Massachusetts Association of Occupational Health Nurses

My Story: Sheila Wilson RN, BSN, MPH

Posted 4 months ago by Nancy Clover

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It was May 1979.

As I stood in line with my classmates to receive our diplomas, I could feel my emotions running high. I looked in the stands and saw the people that supported me and the tears just started running down my face. I am blessed, I am going to be a nurse.

I went back to the same floor I worked at as a medical assistant but this time as a new nurse. It was scary but within a year I was able to move on with a lot of confidence and knowledge.

I transferred to the coronary unit learning about the heart. I never knew the heart was so complicated. I worked with great nurses and learned a lot about the diseases and complications.

One day a young man came into the unit with a problem! A disease that resulted in the nurses to step back and do something different.  

We decided to make videos of problems of the heart and write for contact hours and rent the videos out. Our goal was buy a VCR, TV and table with wheels so we could teach the patient and families about the heart anytime. This wasn’t the easiest but we all had fun. We didn’t stop at just the videos, we went to Cable TV and do a few shows, we also enlisted another hospital to join us.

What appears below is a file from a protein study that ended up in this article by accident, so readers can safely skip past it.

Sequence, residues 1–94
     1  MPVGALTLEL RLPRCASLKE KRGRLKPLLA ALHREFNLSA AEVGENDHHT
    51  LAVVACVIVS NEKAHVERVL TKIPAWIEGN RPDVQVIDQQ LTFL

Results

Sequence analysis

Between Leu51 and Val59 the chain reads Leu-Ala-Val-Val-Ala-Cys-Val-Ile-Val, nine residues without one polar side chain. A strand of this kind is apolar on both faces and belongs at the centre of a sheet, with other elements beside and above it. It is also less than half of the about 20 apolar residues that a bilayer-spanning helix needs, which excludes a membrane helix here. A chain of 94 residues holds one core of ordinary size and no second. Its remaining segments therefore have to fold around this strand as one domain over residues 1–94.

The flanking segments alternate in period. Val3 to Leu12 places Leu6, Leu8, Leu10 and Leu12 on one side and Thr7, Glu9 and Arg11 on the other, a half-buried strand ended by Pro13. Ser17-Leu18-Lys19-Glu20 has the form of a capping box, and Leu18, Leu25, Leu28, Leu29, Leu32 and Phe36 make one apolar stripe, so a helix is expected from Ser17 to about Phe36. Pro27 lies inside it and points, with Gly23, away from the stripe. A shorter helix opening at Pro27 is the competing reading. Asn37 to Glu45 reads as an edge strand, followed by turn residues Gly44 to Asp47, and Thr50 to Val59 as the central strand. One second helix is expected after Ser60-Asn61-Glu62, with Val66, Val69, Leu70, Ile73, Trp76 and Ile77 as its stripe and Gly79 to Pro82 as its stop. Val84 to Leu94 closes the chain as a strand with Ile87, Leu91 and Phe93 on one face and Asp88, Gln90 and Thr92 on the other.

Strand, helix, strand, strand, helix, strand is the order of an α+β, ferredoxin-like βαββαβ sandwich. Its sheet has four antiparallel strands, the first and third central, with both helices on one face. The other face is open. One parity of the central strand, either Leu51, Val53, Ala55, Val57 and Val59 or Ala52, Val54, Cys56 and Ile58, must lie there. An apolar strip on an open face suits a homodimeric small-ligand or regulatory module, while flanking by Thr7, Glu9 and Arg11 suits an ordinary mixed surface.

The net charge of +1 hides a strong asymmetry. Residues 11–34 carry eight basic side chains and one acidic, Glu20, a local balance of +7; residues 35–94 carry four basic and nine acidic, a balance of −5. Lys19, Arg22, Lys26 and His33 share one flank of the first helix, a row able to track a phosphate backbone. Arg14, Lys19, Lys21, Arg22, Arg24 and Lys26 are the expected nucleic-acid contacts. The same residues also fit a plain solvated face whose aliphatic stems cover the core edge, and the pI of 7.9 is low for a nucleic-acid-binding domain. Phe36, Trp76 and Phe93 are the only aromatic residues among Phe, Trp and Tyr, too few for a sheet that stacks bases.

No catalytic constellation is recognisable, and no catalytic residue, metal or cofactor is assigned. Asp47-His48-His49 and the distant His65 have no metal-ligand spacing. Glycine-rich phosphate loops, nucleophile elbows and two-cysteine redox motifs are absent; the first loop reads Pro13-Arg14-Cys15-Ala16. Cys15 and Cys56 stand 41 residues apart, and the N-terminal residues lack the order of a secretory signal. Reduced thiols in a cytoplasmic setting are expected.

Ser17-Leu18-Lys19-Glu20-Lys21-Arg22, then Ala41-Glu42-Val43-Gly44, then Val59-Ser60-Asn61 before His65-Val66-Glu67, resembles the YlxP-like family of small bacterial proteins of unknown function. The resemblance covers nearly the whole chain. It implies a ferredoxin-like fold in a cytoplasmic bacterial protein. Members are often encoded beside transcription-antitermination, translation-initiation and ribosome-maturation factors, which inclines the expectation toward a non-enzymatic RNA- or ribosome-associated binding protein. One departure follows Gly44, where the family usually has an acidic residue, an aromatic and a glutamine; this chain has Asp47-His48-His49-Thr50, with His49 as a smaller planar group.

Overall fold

The best thing that happened was a patient asked to watch the video with his family and I overheard him saying as the video was playing “You see that nurse, you see that nurse she took care of me this morning and she is on the video” He was very excited.

I went back to school in 1985 for the BSN degree and moved out of the unit around that time. I was now working as a float, moving from floor to floor.

 In 1986 we went on strike. I got a job in a detox working nights until the strike was over. That was a great job! 30 drug addicted people to one nurse and one orderly. I loved it. The patients wanted to be there I learned how to medicate to keep the alcoholic from going into the delium tremors and the heroin addict from feeling worse that he was. This was over the top. I knew I would be using this information someday.

I was invited to work with one of my friends in the community. I worked with her but also continued in the hospital after the strike. My time in the community will stay with me forever.

 In this story I will lump this time together to share the highlights.

I worked with outreach workers that showed me the ropes. They would do the leg work. The paper work and I would do the nurse work.

I must have given hundreds of TB tests in the community and in housing developments and then go back and check them.

I was part of the team in a drop-in center and was privileged to be able to be helping the working girls, the homeless, gay, HIV. Lesbian and transgenders of the area. Their life was hard and at times unbearable to them but this drop-in center was there for them and they used it! This center saved people’s lives.

I would pass out condoms. Sandwiches and information, it got to the point that condoms were everywhere like in my pockets, in my purse anywhere I could put then. The sexually transmitted disease was rampart. It is still rampart today. Later in my career I learned STD’s also stood for short term disability. Now that was confusing.

I learned a lot in the community but needed to focus on one job at this time, I left the community setting and went back to one job, the hospital.